What concerns the algorithm: yes, you can reach the same result without the additional Stack object. Here is an example of a full recursive test without an explicit stack.

The base case is an empty tree, which is a valid BST.

A left subtree of any node has values bounded from above by that node, similarly a right subtree values are bounded from below. It follows that any subtree is bounded by its closest left- and right-side ancestors (except the left-most branch, which has no left-side ancestor, and the right-most branch, which has no right-side ancestor; and a special case of the root node, which has no ancestor at all).

(Using your TreeNode class.)

class Solution {

    public boolean isValidBST(TreeNode root) {
        return isValidBST(null, root, null);
    }

    private boolean isValidBST(TreeNode leftAncestor, TreeNode node, TreeNode rightAncestor) {
        // base case
        if (node == null)
            return true;

        // bounds by ancestors (duplicated keys not allowed; replace
        // <= and >= with < and >, respectvely, to allow duplicates)
        if (leftAncestor != null && node.val <= leftAncestor.val)
            return false;

        if (rightAncestor != null && node.val >= rightAncestor.val)
            return false;

        // this node valid - validate its subtrees; this node becomes
        // the closest right-side ancestor for its left subtree
        // and the closest left-side ancestor for its right subtree
        return
            isValidBST(leftAncestor, node.left, node) &&
            isValidBST(node, node.right, rightAncestor);
    }
}

At the cost of additional conditions (which obfuscate the code a bit) you can save about a half of recursive calls:

    public boolean isValidBST(TreeNode root) {
        return (root == null) || isValidBST(null, root, null);
    }

    private boolean isValidBST(TreeNode leftAncestor, TreeNode node, TreeNode rightAncestor) {
        assert node != null;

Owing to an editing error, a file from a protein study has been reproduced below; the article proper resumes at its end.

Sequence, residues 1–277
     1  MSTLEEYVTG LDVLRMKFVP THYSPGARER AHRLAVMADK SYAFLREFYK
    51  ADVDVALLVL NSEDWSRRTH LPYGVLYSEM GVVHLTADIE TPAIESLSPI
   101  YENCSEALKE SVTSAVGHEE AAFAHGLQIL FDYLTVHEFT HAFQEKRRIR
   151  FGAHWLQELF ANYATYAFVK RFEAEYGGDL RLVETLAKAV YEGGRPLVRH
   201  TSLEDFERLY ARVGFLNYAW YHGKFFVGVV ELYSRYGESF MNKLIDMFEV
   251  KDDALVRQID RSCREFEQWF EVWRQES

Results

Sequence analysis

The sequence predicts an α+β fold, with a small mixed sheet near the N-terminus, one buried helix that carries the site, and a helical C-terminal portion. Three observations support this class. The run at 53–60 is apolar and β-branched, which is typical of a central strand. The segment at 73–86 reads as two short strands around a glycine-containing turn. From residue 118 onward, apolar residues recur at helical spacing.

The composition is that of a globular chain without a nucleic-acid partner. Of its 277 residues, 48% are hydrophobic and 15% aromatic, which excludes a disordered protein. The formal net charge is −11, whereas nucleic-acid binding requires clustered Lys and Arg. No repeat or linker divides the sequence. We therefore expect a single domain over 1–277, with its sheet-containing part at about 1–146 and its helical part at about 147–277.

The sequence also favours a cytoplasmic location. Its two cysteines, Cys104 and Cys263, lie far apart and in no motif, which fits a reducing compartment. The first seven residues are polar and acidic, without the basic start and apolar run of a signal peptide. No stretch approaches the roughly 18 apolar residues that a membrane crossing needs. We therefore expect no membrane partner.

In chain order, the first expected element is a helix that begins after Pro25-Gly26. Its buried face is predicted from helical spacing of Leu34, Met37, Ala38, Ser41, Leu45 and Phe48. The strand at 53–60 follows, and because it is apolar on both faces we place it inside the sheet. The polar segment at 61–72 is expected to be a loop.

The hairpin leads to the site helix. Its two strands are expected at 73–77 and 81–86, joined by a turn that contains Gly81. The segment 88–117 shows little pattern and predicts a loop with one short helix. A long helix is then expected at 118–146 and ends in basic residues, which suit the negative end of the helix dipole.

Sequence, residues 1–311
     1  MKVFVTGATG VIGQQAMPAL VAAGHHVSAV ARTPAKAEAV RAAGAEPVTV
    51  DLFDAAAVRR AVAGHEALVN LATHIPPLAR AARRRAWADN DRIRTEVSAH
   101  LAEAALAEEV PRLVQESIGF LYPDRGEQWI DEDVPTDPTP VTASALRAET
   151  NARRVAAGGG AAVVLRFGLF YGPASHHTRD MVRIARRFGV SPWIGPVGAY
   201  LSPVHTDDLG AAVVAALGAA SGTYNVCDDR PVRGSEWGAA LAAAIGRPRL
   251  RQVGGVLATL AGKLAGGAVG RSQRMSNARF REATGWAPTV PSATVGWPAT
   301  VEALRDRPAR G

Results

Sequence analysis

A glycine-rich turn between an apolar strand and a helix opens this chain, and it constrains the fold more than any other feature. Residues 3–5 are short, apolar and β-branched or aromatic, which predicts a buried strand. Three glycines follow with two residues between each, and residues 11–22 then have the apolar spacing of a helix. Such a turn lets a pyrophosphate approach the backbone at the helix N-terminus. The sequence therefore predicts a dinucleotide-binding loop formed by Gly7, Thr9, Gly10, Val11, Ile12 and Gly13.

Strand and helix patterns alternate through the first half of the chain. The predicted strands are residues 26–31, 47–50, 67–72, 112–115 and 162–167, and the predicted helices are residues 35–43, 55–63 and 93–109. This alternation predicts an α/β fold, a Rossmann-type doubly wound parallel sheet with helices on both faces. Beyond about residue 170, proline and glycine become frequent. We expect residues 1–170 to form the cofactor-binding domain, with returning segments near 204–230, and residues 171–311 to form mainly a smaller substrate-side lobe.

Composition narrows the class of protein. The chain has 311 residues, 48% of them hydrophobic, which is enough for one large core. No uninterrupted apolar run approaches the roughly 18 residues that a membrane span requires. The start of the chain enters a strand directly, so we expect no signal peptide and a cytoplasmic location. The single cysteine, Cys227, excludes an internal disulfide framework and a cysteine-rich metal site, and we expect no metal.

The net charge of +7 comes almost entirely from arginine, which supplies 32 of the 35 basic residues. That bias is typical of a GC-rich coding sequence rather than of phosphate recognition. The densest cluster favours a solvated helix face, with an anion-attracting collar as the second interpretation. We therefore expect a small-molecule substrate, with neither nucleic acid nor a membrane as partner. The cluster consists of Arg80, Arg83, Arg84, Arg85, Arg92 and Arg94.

// bounds by ancestors (duplicated keys not allowed; replace
        // <= and >= with < and >, respectvely, to allow duplicates)
        if (leftAncestor != null && node.val <= leftAncestor.val)
            return false;

        if (rightAncestor != null && node.val >= rightAncestor.val)
            return false;

        // this node valid - validate its subtrees; this node becomes
        // the closest right-side ancestor for its left subtree
        // and the closest left-side ancestor for its right subtree
        return
            (node.left == null || isValidBST(leftAncestor, node.left, node)) &&
            (node.right == null || isValidBST(node, node.right, rightAncestor));
    }

If you're allowed to modify the tree...

...you can also get rid of the stack by transforming your tree into a list – it's the first stage of the Day-Stout-Warren algorithm to balance a BST.

The algorithm is a constant-memory – it does not use a stack, it just iterates through the right-most branch of the tree while merging left subtrees into it.

Then you can iterate through the list to check if values make a strictly increasing sequence.


Of course you can make the final testing inside the tree-to-list transformation. That would save you one loop in the code structure, but it would also make the code much less readable with virtually no gain in efficiency.


I wonder, however, what do these notes mean:

Input: [2,1,3]
Input: [5,1,4,null,null,3,6]

Are the code expected to read and parse the character line shown?
Or is it fed with an array?
In the latter case, does it mean it's array of Integers?
If it is supposed to be array of ints, what does null represent?